Tony Metcalf discusses the work of Churches Embracing Offenders

Local News

Eyewitness News’ Brad Byrd interview Tony Metcalf with Churches Embracing Offenders about the work of the program — helping people with drug abuse problems get back on their feet.

Here’s a transcription of the interview:

SK:The opioid epidemic has hit the Tri-State. We’ve seen the ravages of addiction — even death.
That’s why Eyewitness News is continuing our A Community in Pain initiative.
Let’s return to Brad Byrd who is at the Vanderburgh County Prosecutor’s Officer where our call center is set up.
BB:Well, thank you very much, Shelley. It’s very difficult sometimes to put a human face on this crisis that has hit so many people right here in our own community. But I want to bring in right now, Tony Metcalf, who is with Churches Embracing Offenders. And Tony is basically at the front line helping individuals who have run into trouble with the law — often caused by drug abuse and getting them back on their feet to get into some type of normal society. How many individuals do you talk to?
TM: We see about 300 people a year on average that come through the Churches Embracing Offenders program but we talk to many more than that. I’d say probably closer to 300 a month. We have an ongoing relationship with the prison and the jail so we facilitate a number of programs with those facilities, and so we have the opportunity to speak with individuals and give them a plan and a hope for the future when they’re released. 
BB: And you know, it’s been a situation in which many of our jails are filled to the brim and there’s been that. And there’s been that argument that jails have become in many ways mental health centers. With the work that you are doing, it’s easier said than done to just basically send someone out after he or she has served their time.
TM: Well, sure. The problem is that when a person is released, even if they’ve gone through all the treatment programs and everything that’s available to you — if they go back to the same environment that they came out of — they’re likely to do the same thing. What we try to do is not only show them a different way to live, but provide the resources necessary to be able to change their people, places, and things.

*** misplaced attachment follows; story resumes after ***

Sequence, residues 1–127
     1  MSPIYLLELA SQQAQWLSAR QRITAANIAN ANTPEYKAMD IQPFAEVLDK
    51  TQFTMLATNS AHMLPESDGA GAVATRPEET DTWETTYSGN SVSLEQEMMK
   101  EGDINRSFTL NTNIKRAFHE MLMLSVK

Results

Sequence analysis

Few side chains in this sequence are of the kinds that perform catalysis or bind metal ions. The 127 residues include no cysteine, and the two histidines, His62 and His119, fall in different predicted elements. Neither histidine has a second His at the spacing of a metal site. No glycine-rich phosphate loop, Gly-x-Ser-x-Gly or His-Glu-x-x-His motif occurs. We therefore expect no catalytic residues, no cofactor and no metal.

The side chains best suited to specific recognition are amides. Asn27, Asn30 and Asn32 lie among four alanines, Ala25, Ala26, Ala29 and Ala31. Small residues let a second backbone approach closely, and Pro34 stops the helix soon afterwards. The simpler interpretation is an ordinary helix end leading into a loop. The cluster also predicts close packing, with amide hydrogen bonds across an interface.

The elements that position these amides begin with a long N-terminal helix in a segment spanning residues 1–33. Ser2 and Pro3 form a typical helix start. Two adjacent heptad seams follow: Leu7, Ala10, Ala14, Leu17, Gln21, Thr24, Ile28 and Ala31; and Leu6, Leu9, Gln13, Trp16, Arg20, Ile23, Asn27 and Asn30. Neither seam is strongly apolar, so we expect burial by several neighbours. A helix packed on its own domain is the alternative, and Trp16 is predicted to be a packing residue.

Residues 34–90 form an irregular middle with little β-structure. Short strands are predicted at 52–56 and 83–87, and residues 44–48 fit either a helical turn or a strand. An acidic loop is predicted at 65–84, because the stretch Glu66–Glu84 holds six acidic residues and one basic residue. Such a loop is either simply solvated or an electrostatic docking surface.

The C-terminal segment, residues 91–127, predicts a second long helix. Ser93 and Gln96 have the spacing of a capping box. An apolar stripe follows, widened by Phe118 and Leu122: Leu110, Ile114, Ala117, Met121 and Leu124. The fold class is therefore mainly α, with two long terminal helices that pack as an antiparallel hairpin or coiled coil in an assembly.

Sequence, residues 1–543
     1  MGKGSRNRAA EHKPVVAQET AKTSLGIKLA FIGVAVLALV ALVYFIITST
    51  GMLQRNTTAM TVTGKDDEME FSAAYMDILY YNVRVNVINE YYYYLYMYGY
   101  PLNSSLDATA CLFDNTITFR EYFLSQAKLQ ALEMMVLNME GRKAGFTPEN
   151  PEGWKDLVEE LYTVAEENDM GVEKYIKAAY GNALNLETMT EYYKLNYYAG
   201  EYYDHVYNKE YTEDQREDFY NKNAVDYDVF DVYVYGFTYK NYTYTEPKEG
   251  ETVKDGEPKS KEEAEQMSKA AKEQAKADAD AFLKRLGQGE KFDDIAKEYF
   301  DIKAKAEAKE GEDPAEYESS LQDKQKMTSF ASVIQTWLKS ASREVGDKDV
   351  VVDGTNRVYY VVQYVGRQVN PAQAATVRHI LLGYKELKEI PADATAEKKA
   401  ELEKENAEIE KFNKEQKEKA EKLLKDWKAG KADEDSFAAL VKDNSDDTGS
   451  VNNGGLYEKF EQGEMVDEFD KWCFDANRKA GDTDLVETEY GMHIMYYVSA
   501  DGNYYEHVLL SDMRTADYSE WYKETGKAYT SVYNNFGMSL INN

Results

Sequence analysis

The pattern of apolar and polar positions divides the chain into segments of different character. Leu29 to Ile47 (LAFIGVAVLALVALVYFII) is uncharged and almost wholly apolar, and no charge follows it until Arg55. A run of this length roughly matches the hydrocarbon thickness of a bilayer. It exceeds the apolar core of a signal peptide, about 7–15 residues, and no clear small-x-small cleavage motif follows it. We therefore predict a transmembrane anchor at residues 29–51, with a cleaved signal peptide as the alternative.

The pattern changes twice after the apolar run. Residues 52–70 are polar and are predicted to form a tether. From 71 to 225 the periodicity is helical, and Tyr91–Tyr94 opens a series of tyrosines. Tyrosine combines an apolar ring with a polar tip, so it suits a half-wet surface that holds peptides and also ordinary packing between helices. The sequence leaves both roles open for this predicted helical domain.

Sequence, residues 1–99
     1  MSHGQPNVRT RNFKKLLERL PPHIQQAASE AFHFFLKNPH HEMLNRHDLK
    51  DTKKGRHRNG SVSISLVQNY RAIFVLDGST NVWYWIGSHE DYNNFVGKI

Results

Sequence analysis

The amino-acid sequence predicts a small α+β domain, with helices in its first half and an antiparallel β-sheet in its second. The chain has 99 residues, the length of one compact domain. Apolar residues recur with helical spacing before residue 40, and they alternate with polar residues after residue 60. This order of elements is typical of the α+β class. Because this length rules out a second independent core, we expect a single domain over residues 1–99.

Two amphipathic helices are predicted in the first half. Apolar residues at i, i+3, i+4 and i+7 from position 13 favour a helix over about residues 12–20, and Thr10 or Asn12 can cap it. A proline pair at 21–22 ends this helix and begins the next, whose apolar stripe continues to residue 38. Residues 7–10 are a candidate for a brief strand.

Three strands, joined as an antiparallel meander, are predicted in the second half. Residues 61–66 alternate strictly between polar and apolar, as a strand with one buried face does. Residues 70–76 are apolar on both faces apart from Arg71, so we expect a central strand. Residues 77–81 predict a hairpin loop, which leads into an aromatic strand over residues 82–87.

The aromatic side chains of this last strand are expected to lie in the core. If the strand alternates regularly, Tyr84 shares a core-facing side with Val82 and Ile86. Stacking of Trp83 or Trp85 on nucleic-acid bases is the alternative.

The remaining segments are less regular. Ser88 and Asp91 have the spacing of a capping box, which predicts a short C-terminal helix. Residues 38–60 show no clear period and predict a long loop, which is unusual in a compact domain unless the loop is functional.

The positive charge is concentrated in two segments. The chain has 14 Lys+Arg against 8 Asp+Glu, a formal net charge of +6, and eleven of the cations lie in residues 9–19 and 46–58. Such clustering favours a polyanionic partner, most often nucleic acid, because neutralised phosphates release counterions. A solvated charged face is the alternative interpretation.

BB: Do you see the number of people you see growing?
TM: Actually, Brad, I have seen the number decrease significantly.
BB:Why is that?
TM: Well, I think that a lot of it has to do with the perspective of the courts. They’re more — they’ve become more treatment oriented. Our prosecutor’s office is fantastic with this and they see when an individual is doing something to change their life. They will give them the opportunity to participate in the treatment program rather than incarceration. So, we’ve seen a number of decreased beds being occupied in the prison — even some of the smaller facilities. These have closed now because we are seeing more people given the opportunity to recover rather than just be incarcerated.
BB: All right, Tony Metcalf, with Churches Embracing Offenders, thank you so much for taking the time to talk to us and working these phones today. And our call center is still open. Coming up at 5, we’re going to be taking a look at other methods that are helping individuals kick this horrendous addiction that has changed their lives, their family’s lives, and their friends’ lives — and it’s all with the help of one shot a month. We’ll explain coming up tonight on Eyewitness News at 5 as our Community in Pain Initiative continues.

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